A cerebrovascular accident (CVA), better known as “stroke” is a type of brain injury that is caused by either a lack of blood flow to an area of the brain (ischemic stroke) or by bleeding in the brain (hemorrhagic stroke). Depending on the area of the brain affected, and type of injury, many different things can happen, ranging from mild to severe.
Some of the most common effects from stroke include:
- Weakness on one side of the body (hemiparesis)
- Clumsiness/ poor dexterity
- Blurry vision/double vision
- Slurred or incoherent speech
- Dizziness/ vertigo
- Facial droop
- Facial or body numbness
- Difficulty understanding spoken language or speaking (aphasia)
- Difficulty chewing food or swallowing
- Difficulty with coordination, balance or even sitting posture
The good news is that with the recent addition of tissue plasminogen activator (tPA) many patients are having much better outcomes after stroke.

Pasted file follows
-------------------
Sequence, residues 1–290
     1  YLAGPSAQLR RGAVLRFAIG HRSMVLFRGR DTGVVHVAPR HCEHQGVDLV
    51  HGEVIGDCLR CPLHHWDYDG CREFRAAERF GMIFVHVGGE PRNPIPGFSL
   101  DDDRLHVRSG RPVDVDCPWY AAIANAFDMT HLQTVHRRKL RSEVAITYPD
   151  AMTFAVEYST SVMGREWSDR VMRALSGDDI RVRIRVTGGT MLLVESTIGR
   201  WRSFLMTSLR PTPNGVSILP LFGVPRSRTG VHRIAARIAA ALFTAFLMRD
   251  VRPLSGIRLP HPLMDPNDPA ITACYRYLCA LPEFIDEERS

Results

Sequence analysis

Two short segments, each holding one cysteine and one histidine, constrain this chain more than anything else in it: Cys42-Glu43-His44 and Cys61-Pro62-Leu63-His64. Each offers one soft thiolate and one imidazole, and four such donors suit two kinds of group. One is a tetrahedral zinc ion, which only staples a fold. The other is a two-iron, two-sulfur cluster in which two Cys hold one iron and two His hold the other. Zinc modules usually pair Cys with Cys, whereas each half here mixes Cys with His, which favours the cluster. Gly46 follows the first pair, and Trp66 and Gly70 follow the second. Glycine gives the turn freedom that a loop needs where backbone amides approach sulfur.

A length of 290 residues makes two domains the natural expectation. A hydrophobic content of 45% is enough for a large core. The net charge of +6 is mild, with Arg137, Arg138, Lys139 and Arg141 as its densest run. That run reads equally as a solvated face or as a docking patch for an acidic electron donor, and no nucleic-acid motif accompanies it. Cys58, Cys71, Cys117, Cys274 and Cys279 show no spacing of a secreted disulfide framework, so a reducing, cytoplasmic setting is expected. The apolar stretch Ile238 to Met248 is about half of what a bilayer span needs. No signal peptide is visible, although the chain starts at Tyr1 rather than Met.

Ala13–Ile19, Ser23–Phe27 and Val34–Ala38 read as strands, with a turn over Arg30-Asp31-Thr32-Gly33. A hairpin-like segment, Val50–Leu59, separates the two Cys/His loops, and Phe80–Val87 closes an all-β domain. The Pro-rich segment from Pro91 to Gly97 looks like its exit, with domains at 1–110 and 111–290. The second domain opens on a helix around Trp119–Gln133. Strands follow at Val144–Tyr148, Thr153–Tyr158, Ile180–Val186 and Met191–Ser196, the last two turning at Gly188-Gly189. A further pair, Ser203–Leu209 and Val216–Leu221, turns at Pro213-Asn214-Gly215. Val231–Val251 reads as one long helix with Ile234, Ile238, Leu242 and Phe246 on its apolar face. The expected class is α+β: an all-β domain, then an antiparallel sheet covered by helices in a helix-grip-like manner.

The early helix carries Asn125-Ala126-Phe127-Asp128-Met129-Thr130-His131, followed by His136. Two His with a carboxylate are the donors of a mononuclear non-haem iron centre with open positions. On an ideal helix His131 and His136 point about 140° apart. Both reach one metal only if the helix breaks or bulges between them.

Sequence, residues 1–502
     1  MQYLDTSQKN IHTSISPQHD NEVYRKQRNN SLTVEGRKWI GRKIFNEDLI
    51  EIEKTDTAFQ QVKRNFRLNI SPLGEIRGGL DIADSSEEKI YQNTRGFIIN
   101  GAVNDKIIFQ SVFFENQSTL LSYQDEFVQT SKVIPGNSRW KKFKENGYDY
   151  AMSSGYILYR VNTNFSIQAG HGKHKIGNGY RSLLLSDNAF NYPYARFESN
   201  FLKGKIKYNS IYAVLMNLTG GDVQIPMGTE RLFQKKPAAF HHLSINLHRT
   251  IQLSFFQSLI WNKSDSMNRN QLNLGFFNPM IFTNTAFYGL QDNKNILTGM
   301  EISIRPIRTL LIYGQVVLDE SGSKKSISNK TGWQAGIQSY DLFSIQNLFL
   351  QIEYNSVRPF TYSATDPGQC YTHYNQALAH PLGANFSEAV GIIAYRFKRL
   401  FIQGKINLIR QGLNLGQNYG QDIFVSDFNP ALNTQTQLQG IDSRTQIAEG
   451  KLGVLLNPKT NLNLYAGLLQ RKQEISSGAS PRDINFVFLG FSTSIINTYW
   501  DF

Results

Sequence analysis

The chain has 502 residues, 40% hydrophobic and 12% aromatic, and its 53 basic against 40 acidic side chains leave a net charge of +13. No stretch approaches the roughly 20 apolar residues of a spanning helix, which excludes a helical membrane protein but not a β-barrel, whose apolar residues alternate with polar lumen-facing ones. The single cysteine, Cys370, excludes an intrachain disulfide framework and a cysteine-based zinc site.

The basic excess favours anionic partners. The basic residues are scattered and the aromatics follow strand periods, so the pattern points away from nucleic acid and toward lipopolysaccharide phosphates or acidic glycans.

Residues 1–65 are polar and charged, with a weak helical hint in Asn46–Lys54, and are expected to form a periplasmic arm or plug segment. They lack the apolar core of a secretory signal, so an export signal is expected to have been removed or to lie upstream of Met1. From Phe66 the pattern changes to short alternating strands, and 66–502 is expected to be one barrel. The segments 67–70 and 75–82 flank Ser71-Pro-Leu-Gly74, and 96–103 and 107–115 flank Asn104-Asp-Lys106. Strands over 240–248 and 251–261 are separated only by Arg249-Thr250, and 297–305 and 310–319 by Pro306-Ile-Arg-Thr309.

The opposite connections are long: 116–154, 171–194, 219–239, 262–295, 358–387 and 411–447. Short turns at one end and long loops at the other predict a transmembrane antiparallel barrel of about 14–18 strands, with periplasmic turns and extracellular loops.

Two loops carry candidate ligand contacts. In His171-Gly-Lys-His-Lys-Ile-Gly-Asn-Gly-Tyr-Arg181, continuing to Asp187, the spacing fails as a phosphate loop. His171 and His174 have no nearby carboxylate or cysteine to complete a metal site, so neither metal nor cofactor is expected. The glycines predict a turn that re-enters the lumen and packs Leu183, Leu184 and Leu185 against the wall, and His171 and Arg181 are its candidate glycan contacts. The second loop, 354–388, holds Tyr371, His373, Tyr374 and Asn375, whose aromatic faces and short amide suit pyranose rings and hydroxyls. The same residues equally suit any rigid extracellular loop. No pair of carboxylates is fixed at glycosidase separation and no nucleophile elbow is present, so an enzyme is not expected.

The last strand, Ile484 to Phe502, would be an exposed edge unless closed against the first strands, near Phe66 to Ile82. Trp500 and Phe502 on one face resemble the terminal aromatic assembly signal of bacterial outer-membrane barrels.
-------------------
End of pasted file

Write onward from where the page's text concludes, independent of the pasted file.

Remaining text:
Additionally, our team of physical therapists (PT), occupational therapists (OT) and speech language pathologists (SLP) work together as a multidisciplinary team to offer treatment for patients after a stroke.
What does Physical Therapy (PT) do to help a patient after stroke?
Physical Therapists (PT) will evaluate the patient’s strength, ability to move in bed or from surface to surface, balance and general mobility.
What does Occupational Therapy (OT) do to help a patient after a stroke?
Occupational Therapists (OT) will evaluate the patient’s strength, hand function, hand dexterity, vision, ability to sequence tasks, and ability to participate in self care activities such as:
- dressing and bathing
- meal preparation and cleanup
- safety awareness
- driving and community mobility
- functional cognitive tasks
What does Speech Therapy do to help a patient after a stroke?
Speech language pathologists (SLP) will evaluate and treat a patient’s ability to produce speech, the content of their speech (language understanding and production), and their ability to concentrate and maintain attention, memory and overall cognition (thinking). In some cases, SLPs may also assess and treat a patient’s ability to safely chew and swallow food and liquids as this area may be affected by the stroke.